Excerpt from City Beat Article "Mad World"
William Shakespeare once noted that a rose by any other name would smell as sweet, but the members of Mad Anthony would likely take issue. Guitarist/vocalist Ringo Jones, guitarist Adam Flaig and drummer Daniel "Deadly" Durick shed their previous bands two years ago and assembled as the Black Scabs. Response to the music was good, but reaction to the name was less positive.
"Everybody thought that was a terrible name," says Jones with a laugh. "All the girls hated it."
"It was just embarrassing when a girl would come up to you in a bar and say, 'What's your band's name?' and we'd be like, 'We're the Black Scabs,' and they'd go, 'Alright ... have a good night," says Durick. "It was like, 'Guys, we've got to change this name."
The opportunity came last summer when the band brought in new bassist Dave Markey, whose arrival signaled a shift in the band's sound as well as their perspective. Thus, Mad Anthony was born.
"When we were talking about names, we said something about Mad Anthony and everyone was like, 'No, no," says Jones. "I think it just eventually stuck. Nobody wanted it but it was better than the other names we came up with. The worst part of being in a band is naming it."
With the new bassist and new name came a fresh attitude about the band and its presentation. As Mad Anthony, the quartet started taking a closer look at their gig schedule and making adjustments accordingly.
"It was all about drinking then playing," says Durick. "Then we started to realize it that it should be about playing then drinking."
"We were never really serious about it, but Dave injected a more professional attitude into it," says Jones. "We were playing house parties and s****y clubs. The biggest part of it was we just started writing better music. I don't know if it was Dave or if we just finally hit something that felt right."
Having recorded demos as the Black Scabs for over a year to little effect, the right feeling with Mad Anthony resulted in a sound that suggested a jittery, psychedelicized New Wave spin on the Toadies, with flecks of the Misfits, Fugazi and Electric Six thrown in for color and texture. The turning point came when Mad Anthony got together with Ampline/thistle guitarist Mike Montgomery to record at Candyland Studio, coming away with a solid five-song demo that properly represented Mad Anthony's current sonic profile.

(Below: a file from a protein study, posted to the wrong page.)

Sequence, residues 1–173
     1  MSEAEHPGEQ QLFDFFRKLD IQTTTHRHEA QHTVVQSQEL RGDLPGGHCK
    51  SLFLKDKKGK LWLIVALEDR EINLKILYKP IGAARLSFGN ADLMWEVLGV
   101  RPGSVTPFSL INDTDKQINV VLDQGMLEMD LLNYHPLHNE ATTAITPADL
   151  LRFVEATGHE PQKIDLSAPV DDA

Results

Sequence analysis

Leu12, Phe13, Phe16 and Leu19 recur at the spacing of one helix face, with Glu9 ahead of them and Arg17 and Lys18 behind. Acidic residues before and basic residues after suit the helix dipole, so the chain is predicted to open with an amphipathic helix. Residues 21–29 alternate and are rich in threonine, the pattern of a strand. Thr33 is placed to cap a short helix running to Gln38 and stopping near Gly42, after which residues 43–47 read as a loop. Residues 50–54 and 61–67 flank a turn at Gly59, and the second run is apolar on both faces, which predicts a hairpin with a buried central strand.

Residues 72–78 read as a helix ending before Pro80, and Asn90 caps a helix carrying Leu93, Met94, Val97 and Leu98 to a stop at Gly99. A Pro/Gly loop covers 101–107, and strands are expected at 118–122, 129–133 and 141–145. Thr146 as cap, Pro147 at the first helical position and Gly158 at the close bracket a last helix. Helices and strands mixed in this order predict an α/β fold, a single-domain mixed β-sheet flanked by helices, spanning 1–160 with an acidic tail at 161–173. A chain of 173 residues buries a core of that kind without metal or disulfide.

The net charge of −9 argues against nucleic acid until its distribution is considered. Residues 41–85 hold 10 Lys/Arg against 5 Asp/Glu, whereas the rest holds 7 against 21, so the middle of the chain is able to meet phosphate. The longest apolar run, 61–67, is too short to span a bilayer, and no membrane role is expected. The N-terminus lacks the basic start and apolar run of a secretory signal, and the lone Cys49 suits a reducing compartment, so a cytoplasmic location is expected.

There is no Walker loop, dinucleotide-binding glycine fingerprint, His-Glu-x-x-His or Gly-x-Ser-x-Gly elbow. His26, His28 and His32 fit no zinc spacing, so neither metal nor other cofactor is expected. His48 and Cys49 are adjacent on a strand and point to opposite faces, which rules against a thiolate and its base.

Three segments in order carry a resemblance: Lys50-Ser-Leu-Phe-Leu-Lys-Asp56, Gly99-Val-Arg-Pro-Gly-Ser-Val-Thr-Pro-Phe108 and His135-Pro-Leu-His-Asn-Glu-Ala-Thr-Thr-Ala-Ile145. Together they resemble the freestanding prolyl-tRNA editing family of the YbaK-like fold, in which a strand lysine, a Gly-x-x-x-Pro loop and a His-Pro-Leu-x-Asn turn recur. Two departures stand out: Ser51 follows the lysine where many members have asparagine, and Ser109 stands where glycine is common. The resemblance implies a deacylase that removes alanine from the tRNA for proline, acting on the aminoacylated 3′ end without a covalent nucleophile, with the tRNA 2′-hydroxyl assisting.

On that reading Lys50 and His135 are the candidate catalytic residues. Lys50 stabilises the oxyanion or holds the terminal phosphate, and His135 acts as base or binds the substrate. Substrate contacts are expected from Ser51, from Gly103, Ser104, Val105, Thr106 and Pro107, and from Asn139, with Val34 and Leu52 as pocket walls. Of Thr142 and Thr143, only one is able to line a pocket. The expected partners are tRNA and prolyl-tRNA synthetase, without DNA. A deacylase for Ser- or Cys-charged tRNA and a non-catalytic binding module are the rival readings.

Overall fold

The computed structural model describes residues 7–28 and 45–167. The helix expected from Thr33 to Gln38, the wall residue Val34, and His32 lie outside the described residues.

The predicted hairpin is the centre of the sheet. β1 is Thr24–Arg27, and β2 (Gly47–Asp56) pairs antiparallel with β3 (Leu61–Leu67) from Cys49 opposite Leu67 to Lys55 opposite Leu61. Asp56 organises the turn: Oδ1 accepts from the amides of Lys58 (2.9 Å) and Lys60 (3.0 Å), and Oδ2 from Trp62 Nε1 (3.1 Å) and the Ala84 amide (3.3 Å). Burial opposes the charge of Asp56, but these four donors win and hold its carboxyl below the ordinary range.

"We learned a lot from Mike -- he's a great producer and he knows what he's doing," says Jones. "We had no idea what we were doing, and Mike helped us out."
"It was actually fun in the studio with him," says Durick. "With the other guy, it was like, 'OK, that's good. Let's go.' And with Mike it was like, 'Hey, we didn't even know you were in here for six hours today.' Plus once we told people we were recording with Mike, more people were interested."
After that, Mad Anthony fell in with the Strongest Proof, playing shows in Lexington and Louisville, which aligned them with the audience they wanted to attract. The next step found them playing area shows with a lot of the bands on Jerry Dirr's Phratry label, which naturally led to a meeting with Dirr.
"Jerry was impressed," says Jones of Dirr's first exposure to the Candyland demo. "He'd come out to see us early on because we were making a little buzz as the Black Scabs -- we'd played a good show at Cincypunk (festival) or something -- then he came to see us on one of the nights when we were hammered and acting like morons, and he was like, 'Nevermind.' But we got reacquainted with him as Mad Anthony and he took us more seriously and said that we'd found our sound. I think there's truth to that, but we're still kind of scattered."
Within a week of hearing the demo, Dirr contacted the band with an offer to release the EP. Following last Friday's CD release show at the Gypsy Hut, Mad Anthony has nearly a solid month of weekend shows booked before Durick leaves for a monthlong excursion in Ecuador.
"It would be great to sell a lot of CDs, but the truth is we're playing with three bands that we love," says Jones. "I'm just a big fan of the Cincinnati scene right now."